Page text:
Vocational expert, Andrew Pasternak also testified at the administrative hearing on March 26, 2010. The ALJ provided Mr. Pasternak with the following hypothetical: Consider an individual who has completed two years of college, has the same past relevant work as Plaintiff, has the ability to perform sedentary work, must alternate sitting and standing every hour, can only perform unskilled work and may need a few minutes of distraction time every hour. Mr. Pasternak testified that an individual of those qualifications and abilities would be able to perform an unskilled assembly job, a credit clerk job and an inspector job, all of which exist in substantial numbers in the national economy. (Tr. 41-42).

C. The ALJ gave proper weight to the opinions of treating physician, Dr. Tracy

Plaintiff argues that the ALJ's failure to afford controlling weight to the opinion of his treating physician, Dr. Tracy, is an error of law because his opinions were supported by the medical evidence in the record and not inconsistent with other evidence in the record. Plaintiff argues that Dr. Tracy's opinions were consistent with the opinions of Dr. Capicotto. Plaintiff further argues that the ALJ did not consider the relevant factors of the treating physician relationship. See 20 C.F.R. § 404.1527(d)(2); SSR 96-2p.

The opinion of a treating physician is given controlling weight as long as it is supported by substantial evidence in the record and is not inconsistent with other evidence. See 20 C.F.R. 404.1527(d)(2). However, the ALJ is not required to give controlling weight to the treating physician's opinion if it is inconsistent with medical evidence and clinical findings in the record. See Wavercak v. Astrue, 2011 U.S. App. LEXIS 8459, at *5 (2d Cir. N.Y. Apr. 25, 2011). Moreover, a physician's opinions are given less weight when those opinions are internally inconsistent. See Michels v. Astrue, 297 Fed. Appx. 74, 75 (2d Cir. 2008).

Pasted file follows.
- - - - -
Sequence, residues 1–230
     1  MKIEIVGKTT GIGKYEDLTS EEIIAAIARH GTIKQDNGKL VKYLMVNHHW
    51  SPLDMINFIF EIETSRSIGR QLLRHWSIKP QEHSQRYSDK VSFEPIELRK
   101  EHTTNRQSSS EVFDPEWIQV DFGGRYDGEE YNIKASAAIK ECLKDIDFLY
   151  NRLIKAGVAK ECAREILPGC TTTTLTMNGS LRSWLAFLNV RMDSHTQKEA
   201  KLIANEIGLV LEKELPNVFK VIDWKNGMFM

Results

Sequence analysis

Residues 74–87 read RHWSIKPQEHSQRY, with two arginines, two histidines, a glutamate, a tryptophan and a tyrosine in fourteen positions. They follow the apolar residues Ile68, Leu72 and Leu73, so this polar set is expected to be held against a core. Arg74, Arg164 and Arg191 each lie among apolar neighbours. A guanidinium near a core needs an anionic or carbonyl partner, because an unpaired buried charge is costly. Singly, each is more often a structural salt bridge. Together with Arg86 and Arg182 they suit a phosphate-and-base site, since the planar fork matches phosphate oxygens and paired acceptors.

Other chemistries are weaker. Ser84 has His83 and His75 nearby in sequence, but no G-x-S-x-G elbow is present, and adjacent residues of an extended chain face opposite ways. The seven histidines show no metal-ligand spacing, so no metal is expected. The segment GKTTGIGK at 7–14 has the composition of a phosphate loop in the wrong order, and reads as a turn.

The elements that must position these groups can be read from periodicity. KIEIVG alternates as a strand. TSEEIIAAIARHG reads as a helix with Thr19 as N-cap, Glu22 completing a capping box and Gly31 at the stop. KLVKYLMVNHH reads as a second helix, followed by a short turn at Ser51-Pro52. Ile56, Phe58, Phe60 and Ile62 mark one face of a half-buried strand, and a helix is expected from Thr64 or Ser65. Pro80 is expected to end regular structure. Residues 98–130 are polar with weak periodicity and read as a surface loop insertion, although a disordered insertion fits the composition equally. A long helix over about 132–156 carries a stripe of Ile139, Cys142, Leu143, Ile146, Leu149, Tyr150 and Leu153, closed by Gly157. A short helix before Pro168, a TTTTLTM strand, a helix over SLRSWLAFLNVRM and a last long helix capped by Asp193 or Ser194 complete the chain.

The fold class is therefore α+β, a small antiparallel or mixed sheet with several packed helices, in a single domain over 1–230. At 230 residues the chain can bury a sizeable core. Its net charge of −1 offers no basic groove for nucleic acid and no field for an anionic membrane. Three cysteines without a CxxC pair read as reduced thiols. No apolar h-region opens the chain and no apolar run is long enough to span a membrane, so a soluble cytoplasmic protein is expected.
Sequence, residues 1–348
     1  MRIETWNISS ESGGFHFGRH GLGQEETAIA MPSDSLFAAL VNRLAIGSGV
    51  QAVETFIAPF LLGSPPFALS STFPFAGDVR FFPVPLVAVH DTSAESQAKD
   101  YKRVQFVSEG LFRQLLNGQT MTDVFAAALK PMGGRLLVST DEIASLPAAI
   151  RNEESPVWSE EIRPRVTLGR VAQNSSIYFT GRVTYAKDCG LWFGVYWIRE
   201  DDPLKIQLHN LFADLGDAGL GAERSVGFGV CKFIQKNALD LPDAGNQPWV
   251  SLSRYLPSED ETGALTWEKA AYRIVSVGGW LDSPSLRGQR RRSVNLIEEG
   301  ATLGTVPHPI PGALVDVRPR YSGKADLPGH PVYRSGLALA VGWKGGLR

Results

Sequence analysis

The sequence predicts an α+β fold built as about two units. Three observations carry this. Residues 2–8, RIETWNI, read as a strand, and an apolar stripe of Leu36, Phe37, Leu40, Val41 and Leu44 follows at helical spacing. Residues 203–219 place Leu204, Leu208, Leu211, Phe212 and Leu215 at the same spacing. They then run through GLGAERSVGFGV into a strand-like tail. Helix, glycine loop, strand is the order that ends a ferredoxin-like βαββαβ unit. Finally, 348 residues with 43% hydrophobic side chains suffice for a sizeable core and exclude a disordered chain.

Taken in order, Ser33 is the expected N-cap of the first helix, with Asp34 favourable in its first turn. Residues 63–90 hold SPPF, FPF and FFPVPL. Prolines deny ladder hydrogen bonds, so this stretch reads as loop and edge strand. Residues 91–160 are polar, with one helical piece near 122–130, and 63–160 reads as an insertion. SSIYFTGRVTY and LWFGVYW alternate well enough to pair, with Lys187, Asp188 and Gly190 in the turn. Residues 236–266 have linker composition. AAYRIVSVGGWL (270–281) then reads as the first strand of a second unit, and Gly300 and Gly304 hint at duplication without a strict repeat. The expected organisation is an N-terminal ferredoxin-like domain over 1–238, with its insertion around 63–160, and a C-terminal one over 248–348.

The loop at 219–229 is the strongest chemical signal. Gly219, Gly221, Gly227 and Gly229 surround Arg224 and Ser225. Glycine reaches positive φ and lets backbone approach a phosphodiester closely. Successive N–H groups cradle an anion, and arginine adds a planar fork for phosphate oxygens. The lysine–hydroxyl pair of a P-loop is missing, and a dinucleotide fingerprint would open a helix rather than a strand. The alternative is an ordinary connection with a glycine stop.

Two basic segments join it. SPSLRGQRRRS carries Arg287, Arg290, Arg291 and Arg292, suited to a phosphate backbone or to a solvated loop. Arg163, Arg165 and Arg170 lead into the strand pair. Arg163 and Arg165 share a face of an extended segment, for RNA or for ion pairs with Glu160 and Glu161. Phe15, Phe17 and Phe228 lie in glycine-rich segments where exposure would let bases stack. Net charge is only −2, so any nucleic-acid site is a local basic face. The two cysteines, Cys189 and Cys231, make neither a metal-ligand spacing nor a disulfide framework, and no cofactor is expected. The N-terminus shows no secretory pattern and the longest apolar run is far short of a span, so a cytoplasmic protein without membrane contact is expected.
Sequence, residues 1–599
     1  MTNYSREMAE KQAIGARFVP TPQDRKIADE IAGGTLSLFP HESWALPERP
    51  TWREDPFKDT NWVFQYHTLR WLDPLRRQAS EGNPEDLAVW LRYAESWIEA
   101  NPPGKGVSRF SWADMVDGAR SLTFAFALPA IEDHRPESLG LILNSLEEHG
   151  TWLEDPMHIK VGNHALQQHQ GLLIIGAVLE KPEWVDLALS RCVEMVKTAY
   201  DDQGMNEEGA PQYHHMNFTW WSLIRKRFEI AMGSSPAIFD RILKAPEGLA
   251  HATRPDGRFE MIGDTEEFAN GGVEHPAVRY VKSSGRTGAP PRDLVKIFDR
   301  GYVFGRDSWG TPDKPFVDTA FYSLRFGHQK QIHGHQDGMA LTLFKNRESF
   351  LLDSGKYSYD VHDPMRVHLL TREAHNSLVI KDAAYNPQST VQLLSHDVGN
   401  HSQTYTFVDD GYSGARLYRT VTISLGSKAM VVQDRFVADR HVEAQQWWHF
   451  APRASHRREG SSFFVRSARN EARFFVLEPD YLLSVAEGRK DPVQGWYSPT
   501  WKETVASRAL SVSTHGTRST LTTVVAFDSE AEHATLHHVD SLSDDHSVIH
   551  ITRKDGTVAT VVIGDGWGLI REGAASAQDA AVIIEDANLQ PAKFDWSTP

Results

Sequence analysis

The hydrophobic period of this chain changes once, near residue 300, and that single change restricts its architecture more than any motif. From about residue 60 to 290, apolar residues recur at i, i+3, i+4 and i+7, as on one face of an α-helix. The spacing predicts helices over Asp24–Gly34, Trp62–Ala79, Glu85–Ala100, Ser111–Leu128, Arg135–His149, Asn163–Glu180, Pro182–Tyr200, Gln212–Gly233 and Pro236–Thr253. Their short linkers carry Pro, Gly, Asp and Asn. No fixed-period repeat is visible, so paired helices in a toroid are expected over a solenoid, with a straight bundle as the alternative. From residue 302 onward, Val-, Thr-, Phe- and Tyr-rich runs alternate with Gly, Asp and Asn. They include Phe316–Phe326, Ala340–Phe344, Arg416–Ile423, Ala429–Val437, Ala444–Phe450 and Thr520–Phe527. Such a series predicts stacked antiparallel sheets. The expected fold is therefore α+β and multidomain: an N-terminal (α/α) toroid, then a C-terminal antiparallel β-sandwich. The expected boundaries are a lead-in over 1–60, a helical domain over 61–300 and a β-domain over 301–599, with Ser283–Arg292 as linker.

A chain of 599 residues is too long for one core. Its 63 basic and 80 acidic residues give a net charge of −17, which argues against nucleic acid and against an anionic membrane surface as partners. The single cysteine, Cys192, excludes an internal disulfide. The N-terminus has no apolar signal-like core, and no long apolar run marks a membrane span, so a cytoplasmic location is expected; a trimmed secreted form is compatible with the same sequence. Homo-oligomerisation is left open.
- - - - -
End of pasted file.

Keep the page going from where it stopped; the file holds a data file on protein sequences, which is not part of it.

In declining to afford controlling weight to Dr. Tracy's opinions, the ALJ found that Dr. Tracy's opinions are not supported by clinical or laboratory findings and that his RFC assessment is internally inconsistent.

This Court finds that the record supports the ALJ's finding that Dr. Tracy's RFC assessment made on March 5, 2010 was not entitled to controlling weight. The RFC stated that Plaintiff could sit, stand and walk for a combined four hours during a workday, but he did not have to lie down. (Tr. 496). Yet, the RFC also stated, in direct contradiction, that Plaintiff needed to rest by laying down for 2 hours during an 8-hour workday. Id. The assessment was internally inconsistent which supports the ALJ's finding to not afford Dr. Tracy's opinion controlling weight.

Also, Dr. Tracy's opinion that Plaintiff could sit for no more than 15 minutes is inconsistent with the record. (Tr. 34, 494). Plaintiff testified to driving about 40 minutes to each appointment with Dr. Tracy. (Tr. 34). Plaintiff alleges that he would be "a mess" by the time he gets to the appointment, because he would have been sitting for 40 minutes in the car. Id. This is inconsistent with all of the treatment notes taken by Dr. Tracy and P.A. Rath during examinations that took place between the alleged onset date and the date last insured. All of the treatment notes recorded during that period state that Plaintiff arrived in no acute distress and with no antalgia. (Tr. 400-48). Therefore, the ALJ correctly noted that Dr. Tracy's RFC which stated that Plaintiff could sit for no longer than 15 minutes was inconsistent with other evidence in the record. (Tr. 13).